A virus frozen in the Siberian permafrost since the Ice Age has been revived.
P sibericum infects amoeba, not humans, and is huge by viral standards. It has 500 genes, while the influenza virus has just eight – proving that when it comes to making you sick, size doesn’t matter. At 1.5μm wide it can be seen with an optical microscope, and is the size of small bacteria. The results were reported in PNAS. P sibericum’s large genome makes it a Megaviridae, but it differs substantially from previously known species. The paper’s authors, led by husband and wife team Jean-Michel Claverie and Chantal Abergel of Aix-Marseille Université, speculate that the discovery could represent a link between previously known Megaviridae and Iridoviruses, a family of viruses that infect invertebrates and occasionally fish and reptiles. Claverie and Abergel discovered the first supersized virus in 2003 and several others since. Pithos is the Greek word for containers used to store food and wine, whose shape the virus resembles. “We’re French, so we had to put wine in the story,” Claverie told Nature.
The virus itself is harmless, but the researchers responsible warn that Global Warming could release more malign lifeforms from the frozen ground. The French National Centre for Scientific Research (CNRS) warned, that the discovery, “Has important implications for public-health risks in connection with exploiting mineral or energy resources in Arctic Circle regions that are becoming more and more accessible through global warming.” The virus was found at the bottom of a 30m sample collected in Chukotka, East Siberia, and named Pithovirus sibericum. It follows from the discovery that the seeds of plants buried at the same time could be brought to flower.Even aside from its great age, the Pithovirus has enough unusual features to attract attention. At one end it has a honeycomb structure capping its opening. Where most viruses take over the nucleus of their host’s cells to reproduce, this one uses the cytoplasm. While having a large genome by the standards of most viruses, the Pithovirus has a third as much material as some Megaviridae, despite being even larger spatially. “That huge particle is basically empty,” says Claverie. “We thought it was a property of viruses that they pack DNA extremely tightly into the smallest particle possible, but this guy is 150 times less compacted than any bacteriophage [viruses that infect bacteria]. We don’t understand anything anymore!” “The revival of viruses that are considered to have been eradicated, such as the smallpox virus, whose replication process is similar to that of Pithovirus, is no longer limited to science fiction,” the CNRS statement continued. “The risk that this scenario could happen in real life has to be viewed realistically.”
An expedition to the depths of the New Hebrides trench has found it inhabited by different life forms from other deep ocean trenches. Shockingly, the researchers think even in these locations, the most remote on the planet from human influence, climate change may be a threat. Deep sea-trenches occur when an oceanic plate is pushed under another plate. Although trenches can be thousands of kilometers long, they’re so narrow they take up only a small portion of the globe. “These new finds are a stark reminder that even the deepest parts of the world are intrinsically linked to the productivity of the surface waters,” said Jaimieson. “Should the current system change, it is highly likely to have significant cascading effects on the deep sea community. The deep sea is potentially a kind of silent victim in the era of a changing climate.” The phenomenal water pressures within the trenches make them a challenge to explore, leading to the observation that we know less about the bottom of the ocean than we do about the surface of the Moon.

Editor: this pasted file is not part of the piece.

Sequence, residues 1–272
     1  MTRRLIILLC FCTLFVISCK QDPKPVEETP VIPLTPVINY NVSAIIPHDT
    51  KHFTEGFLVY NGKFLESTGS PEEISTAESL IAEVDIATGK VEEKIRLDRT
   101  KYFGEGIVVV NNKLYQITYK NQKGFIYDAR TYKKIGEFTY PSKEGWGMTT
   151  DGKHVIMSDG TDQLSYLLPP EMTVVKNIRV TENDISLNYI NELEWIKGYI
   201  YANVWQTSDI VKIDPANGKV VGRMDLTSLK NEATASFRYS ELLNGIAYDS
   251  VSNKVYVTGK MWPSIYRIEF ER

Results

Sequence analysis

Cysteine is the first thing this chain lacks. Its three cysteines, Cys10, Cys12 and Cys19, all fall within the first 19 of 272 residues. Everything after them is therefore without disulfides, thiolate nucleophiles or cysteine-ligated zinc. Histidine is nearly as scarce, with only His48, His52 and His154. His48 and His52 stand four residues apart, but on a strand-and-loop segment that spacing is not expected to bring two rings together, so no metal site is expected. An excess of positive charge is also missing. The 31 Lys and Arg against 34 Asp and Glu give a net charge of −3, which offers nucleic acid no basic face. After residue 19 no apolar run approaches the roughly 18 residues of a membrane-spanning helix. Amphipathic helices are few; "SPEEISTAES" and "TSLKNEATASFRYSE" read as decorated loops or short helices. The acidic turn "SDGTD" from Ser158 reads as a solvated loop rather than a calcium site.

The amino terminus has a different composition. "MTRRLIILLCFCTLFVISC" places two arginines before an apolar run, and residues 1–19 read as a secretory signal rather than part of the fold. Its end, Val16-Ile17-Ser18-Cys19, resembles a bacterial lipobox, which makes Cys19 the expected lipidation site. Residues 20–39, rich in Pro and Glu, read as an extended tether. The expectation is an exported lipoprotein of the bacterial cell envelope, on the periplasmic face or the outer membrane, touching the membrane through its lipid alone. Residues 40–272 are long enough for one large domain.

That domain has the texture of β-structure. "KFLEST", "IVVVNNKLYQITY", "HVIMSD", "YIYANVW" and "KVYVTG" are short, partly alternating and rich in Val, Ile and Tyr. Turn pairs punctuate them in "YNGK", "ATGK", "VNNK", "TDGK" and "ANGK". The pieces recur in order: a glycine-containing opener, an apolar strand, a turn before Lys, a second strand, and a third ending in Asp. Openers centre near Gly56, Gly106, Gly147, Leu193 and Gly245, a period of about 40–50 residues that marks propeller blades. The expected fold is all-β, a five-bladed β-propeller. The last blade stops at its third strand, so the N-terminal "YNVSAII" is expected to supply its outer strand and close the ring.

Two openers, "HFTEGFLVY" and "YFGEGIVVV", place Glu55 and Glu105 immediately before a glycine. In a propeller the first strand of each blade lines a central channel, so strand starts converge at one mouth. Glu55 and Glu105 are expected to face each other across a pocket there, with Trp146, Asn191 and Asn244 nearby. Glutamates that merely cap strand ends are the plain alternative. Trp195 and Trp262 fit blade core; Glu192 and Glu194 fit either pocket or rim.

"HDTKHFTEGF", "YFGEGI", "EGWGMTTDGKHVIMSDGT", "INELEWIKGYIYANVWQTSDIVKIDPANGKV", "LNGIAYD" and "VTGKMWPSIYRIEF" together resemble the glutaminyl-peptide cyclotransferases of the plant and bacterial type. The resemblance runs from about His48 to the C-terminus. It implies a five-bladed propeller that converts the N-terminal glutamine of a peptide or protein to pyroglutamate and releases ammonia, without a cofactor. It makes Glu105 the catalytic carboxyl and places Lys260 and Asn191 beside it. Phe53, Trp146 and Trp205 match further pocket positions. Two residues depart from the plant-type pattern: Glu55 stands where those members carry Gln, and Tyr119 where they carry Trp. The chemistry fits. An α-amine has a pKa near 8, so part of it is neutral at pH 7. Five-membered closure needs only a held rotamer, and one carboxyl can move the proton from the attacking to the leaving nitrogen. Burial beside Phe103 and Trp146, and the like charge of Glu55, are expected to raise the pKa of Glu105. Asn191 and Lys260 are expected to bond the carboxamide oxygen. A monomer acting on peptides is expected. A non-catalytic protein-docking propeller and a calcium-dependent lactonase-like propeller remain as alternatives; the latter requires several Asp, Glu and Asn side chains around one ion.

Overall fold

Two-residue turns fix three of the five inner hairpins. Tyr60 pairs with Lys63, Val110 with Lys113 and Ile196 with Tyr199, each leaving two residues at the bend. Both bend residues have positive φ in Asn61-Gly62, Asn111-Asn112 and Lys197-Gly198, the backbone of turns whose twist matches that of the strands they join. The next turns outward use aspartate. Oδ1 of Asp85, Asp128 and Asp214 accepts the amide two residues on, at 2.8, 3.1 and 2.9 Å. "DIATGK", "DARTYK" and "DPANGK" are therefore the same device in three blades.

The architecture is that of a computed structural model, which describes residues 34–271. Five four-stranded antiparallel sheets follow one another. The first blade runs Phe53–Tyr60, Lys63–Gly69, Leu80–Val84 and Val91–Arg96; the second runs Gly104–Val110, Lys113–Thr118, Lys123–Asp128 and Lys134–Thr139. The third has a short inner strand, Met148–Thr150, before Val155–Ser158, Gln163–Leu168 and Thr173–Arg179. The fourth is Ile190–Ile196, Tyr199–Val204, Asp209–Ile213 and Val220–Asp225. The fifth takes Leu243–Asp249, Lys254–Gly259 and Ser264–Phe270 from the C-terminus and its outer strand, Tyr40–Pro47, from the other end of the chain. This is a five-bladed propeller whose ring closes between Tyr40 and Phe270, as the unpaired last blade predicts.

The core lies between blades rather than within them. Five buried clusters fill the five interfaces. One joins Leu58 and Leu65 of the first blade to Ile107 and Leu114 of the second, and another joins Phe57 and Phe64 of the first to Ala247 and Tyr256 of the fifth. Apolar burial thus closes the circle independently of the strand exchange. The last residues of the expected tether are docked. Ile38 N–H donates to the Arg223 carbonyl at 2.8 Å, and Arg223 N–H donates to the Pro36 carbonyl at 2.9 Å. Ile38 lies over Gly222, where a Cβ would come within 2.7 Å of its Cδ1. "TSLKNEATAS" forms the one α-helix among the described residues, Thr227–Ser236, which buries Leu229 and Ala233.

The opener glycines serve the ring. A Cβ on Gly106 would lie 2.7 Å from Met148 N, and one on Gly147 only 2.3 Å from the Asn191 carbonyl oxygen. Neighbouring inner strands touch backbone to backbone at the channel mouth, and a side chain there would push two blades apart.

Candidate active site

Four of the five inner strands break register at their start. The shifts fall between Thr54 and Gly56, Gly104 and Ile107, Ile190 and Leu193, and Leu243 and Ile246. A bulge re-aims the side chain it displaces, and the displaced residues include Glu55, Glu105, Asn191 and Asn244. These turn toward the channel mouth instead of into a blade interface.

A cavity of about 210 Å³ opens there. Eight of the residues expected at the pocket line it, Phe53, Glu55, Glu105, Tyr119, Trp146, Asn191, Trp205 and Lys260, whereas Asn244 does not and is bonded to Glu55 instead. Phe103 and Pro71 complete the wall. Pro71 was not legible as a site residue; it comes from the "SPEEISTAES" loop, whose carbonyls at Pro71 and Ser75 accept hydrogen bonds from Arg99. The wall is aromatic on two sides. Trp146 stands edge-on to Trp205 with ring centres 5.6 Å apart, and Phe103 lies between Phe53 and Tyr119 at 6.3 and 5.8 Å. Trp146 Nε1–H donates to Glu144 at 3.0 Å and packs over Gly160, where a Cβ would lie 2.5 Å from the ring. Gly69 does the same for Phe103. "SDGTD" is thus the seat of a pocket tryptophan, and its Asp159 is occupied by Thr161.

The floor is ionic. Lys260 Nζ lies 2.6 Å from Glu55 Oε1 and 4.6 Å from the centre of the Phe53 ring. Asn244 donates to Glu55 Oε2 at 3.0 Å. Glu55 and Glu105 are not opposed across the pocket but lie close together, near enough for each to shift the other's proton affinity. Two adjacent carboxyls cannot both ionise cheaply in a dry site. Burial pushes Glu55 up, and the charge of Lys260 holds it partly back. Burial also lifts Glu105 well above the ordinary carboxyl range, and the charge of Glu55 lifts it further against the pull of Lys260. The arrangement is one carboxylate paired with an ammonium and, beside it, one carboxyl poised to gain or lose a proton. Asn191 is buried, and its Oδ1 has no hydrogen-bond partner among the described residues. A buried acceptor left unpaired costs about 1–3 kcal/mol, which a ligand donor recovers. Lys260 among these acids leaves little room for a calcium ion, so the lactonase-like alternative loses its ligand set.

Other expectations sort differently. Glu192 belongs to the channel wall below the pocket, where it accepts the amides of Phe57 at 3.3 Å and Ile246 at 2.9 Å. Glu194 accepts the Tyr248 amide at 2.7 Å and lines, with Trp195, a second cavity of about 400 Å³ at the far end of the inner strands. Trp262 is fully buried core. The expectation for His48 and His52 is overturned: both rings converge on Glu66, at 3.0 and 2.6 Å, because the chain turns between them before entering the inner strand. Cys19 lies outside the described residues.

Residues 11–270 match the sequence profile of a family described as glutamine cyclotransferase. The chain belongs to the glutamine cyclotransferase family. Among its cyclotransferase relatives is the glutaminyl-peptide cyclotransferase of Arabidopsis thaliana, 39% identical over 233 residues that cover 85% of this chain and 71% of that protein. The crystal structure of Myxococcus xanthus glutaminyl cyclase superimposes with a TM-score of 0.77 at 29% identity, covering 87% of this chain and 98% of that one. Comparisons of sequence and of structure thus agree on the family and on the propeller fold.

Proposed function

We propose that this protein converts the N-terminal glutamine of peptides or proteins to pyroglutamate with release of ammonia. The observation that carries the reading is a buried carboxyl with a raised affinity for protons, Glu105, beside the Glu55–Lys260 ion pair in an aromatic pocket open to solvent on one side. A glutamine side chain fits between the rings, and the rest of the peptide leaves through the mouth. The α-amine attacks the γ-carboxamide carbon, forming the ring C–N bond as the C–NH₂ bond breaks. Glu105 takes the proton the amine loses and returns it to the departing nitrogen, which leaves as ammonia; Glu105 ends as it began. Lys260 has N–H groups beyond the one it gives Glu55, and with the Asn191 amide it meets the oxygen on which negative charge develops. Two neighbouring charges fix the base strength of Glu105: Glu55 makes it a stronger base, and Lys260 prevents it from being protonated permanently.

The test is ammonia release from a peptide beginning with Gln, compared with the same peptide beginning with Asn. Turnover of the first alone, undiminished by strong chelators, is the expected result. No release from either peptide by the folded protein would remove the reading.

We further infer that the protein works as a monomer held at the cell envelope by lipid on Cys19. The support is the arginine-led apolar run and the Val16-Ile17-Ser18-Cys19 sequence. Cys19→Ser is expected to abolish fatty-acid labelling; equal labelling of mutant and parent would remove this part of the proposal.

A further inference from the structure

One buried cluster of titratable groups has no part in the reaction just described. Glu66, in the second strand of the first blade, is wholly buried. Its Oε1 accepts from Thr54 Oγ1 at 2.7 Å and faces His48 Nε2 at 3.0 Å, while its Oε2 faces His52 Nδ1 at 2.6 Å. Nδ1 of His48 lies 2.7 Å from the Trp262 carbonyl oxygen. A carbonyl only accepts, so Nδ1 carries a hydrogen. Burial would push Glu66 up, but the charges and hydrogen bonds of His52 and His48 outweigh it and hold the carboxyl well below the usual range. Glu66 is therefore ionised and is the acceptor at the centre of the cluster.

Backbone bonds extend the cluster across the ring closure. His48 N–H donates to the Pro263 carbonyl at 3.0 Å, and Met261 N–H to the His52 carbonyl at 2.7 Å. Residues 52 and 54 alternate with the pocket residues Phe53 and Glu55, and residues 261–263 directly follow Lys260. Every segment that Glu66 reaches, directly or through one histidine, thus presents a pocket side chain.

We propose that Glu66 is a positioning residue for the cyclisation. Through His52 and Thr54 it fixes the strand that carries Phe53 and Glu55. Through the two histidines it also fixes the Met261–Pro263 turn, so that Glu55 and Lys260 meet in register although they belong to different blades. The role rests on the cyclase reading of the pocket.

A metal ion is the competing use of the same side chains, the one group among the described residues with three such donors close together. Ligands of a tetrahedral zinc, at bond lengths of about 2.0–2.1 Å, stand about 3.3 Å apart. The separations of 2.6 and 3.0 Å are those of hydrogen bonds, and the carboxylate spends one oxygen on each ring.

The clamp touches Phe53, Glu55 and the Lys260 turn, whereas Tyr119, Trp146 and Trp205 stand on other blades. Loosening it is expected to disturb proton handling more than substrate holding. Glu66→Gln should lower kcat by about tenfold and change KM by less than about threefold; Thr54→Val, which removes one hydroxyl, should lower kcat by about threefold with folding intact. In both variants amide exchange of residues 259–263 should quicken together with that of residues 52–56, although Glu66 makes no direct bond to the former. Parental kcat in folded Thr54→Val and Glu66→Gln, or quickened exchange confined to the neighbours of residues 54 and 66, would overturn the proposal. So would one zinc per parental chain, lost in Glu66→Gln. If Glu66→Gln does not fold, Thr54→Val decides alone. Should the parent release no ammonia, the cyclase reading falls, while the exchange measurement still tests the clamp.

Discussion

The New Hebrides trench, 7km deep and 1500km north of New Zealand has been particularly neglected in the past, and when a mission visited it using an underwater robot late last year they were surprised with the images returned.
“What we found was an entirely different deepwater fish community. Fish were surprisingly few in number and low in diversity and not at all what we expected. The fish we would always expect to see, the grenadiers, were completely absent. The fish that dominated the area were a group called cusk eels which are far less conspicuous elsewhere,” said Alan Jamieson of the Oceanlab at the University of Aberdeen, UK. “As well as the difference in biodiversity we also stumbled across another surprise – the area in and around the New Hebrides Trench was swarming with large bright red prawns which are typically seen in very low numbers in other areas.” While the depths of the trenches might be expected to resemble each other more than the waters above, Jamieson believes differences in the surface waters may be responsible. “If you look at the New Hebrides trench, and where it is geographically, it lies under very unproductive waters – there is not a lot happening at the surface of the tropical waters. It seems the cusk eels are specialists in very low food environments, whereas the grenadiers require a greater source of food.” Film director James Cameron famously became the first person to travel to the bottom of the deepest trench of all, the Mariana, for 50 years in 2012. Cameron described the depths as almost devoid of life. While this might have been a result of the 1000 atmospheres of pressure crushing all but the hardiest creatures, it is also possible that the distance from the continental shelf is more significant, with nutrients less likely to be washed down in such locations.
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